White commented that it's important to also get parents involved. "I have kids who made a Caesar with Brussels sprouts and one kid didn't want the recipe, saying, 'My parents won't buy it.' … [The kids] don't buy groceries, so we have to figure out how to gain access to parents." And in what was one of the key lines of the event, White said that, through education, "we're increasing possibilities."

Nurse/Food Matters founder Laurie Ouding raised a few eyebrows by talking about what she's seen as a result of food insecurity in kids who've been admitted to hospitals. "They're malnourished and obese at the same time. There are kids that are 11 that are on blood-pressure medication. Or they're admitted because they're so chronically constipated that we literally put tubes in their noses and flush their systems out—for days, sometimes—and then they come back because we're sending them back out into the same situation. How do you expect parents to fix the problem when the situation is the problem?

"Blowing up the local food system is what needs to happen. For me, the overall goal is not have where you live be your mortality. In Oak Park, your life expectancy is 82; if you live in Englewood, it's 69. That's tragic—but it can be fixed."

Bayless agreed with the other panelists but also emphasized the importance of the goal. "Going back to the question of the vision of a thriving, healthy community, I'm not sure we're really touching on that," he said. "What I want to encourage everybody to do is to [envision] what it would be to not need to have this meeting—that [community-building] is built into our culture. We say, 'Our culture doesn't support this,' so we have to be the lone voice in the wind, trying to make a difference. The big vision is that we don't need speakers because [the goal] is built into our culture."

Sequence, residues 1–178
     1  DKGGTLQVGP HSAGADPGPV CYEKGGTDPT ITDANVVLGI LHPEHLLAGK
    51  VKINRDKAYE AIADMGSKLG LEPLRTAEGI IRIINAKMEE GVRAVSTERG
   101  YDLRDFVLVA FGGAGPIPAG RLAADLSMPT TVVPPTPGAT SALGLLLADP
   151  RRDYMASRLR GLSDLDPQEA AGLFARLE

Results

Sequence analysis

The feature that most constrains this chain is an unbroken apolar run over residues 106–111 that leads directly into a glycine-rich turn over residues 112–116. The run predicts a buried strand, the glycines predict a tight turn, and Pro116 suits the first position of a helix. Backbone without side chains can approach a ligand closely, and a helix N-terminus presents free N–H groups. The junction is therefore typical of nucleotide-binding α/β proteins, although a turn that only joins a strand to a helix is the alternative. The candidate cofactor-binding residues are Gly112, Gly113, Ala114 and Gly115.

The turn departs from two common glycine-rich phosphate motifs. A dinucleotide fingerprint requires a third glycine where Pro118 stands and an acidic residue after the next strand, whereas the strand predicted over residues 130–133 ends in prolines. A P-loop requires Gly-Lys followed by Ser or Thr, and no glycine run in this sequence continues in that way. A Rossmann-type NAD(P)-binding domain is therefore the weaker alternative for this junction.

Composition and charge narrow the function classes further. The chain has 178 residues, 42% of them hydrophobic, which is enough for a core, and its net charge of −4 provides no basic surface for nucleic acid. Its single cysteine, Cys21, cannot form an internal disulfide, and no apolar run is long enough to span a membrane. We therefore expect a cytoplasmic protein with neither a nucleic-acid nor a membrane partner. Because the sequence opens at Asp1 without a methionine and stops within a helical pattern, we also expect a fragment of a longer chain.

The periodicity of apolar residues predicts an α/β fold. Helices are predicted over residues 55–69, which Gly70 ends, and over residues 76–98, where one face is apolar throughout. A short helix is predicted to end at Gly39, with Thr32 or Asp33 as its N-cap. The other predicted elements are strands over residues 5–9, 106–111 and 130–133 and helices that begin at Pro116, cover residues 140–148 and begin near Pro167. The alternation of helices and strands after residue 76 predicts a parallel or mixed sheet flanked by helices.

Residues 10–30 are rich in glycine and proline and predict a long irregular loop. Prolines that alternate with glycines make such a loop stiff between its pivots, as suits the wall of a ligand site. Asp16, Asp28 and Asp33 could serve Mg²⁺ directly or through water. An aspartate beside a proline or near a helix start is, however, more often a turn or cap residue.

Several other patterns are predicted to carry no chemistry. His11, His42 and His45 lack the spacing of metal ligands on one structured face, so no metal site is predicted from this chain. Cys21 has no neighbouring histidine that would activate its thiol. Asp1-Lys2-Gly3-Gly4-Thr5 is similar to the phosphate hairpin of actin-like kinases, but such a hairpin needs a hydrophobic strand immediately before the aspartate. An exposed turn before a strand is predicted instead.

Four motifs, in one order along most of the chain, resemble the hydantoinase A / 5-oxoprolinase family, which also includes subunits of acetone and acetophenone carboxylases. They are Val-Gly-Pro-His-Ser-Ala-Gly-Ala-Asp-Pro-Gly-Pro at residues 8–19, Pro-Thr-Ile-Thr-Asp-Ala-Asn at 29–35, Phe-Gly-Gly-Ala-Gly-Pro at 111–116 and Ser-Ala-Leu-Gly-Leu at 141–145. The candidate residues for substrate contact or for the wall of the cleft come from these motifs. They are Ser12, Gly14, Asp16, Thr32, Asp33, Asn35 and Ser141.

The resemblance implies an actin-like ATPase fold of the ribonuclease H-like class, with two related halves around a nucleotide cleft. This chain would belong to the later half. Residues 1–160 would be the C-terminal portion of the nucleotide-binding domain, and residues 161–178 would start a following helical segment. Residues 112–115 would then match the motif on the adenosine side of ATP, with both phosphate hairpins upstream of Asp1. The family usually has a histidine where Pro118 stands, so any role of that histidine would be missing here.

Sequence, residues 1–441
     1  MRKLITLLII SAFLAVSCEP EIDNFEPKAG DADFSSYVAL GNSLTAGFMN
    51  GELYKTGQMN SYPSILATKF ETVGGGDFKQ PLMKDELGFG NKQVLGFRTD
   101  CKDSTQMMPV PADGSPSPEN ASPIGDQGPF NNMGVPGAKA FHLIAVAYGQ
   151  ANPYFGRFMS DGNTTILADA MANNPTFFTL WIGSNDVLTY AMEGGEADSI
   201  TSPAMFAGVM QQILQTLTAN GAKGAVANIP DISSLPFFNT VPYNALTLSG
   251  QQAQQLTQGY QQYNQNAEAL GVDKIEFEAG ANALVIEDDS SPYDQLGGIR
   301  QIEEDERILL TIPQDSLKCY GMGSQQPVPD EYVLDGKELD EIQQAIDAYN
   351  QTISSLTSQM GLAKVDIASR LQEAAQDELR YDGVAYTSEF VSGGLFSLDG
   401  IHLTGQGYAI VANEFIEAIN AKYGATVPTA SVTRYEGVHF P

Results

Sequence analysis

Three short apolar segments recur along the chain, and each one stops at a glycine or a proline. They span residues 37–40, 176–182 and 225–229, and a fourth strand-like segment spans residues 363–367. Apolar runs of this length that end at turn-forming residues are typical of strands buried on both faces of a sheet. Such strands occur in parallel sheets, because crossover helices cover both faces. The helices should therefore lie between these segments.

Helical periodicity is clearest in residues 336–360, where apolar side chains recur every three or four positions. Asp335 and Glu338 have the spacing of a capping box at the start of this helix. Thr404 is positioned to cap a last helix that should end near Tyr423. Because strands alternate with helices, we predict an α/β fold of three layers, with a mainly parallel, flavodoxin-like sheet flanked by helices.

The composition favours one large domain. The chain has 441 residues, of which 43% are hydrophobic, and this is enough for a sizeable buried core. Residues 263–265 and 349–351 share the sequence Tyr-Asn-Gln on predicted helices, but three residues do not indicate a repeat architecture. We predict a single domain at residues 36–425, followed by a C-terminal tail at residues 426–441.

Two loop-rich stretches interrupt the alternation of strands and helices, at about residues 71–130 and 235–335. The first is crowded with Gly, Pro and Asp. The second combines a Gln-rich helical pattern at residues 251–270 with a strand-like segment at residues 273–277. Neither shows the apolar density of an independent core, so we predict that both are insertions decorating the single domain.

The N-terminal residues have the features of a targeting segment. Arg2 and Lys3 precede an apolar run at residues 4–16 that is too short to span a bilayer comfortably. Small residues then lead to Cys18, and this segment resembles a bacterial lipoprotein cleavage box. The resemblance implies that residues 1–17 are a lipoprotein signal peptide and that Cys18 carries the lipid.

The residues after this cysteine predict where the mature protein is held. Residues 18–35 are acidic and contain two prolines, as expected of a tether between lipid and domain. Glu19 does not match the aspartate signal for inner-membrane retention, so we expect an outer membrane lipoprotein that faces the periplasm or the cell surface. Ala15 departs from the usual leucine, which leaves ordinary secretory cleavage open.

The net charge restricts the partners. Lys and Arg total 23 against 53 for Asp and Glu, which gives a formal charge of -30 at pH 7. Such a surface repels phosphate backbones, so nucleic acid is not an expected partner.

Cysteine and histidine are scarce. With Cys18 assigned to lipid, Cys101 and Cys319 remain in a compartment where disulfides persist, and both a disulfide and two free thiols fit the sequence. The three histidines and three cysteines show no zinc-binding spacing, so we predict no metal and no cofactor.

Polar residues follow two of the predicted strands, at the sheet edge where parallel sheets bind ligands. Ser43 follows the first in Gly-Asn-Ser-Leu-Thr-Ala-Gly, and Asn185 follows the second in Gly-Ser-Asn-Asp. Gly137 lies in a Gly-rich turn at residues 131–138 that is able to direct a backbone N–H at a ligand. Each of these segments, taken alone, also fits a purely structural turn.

Impact for Equity Managing Director of Development of External Relations Tamara Reed Tran said, "I'm hearing about all of this wonderful work—work for education, development and [more]. When you take all those things and add them together, there's a strategy at play. Everything's working disparately toward this one goal that everybody's trying to achieve. But once one goal is set [among disparate individuals], then we can advocate for resources and assets, changing how the law is set, and creating a new system and a new structure with new rules about what is right. You can't keep fighting things by putting a Band-Aid on it; you've got to change it. So I would just encourage people to think about that system, that structure and that coalition-building."

Lastly, Jackson—who introduced himself, in part, as the brother of Jacob Blake, who made national headlines in 2020 when a Kenosha, Wisconsin cop shot him—also stressed the importance of trust, culinary education and team-building. "We're in this conversation right now," he said. "How do we accomplish [the goal]? It's through a coalition."

Stegner encouraged people to continue the conversation: "Pick up the phone, text—whatever you need to do—to keep those connections alive to move our community forward."

As for my takeaway from this discussion, the main word was "value." It's critical to know the value of the fight, the vision—and of self—in order to build and maintain an environment that supports everyone equally.

For more about The Evolved Network or to join this coalition, email or visit . For more restaurant items, visit .

This article shared 1006 times since Sun May 21, 2023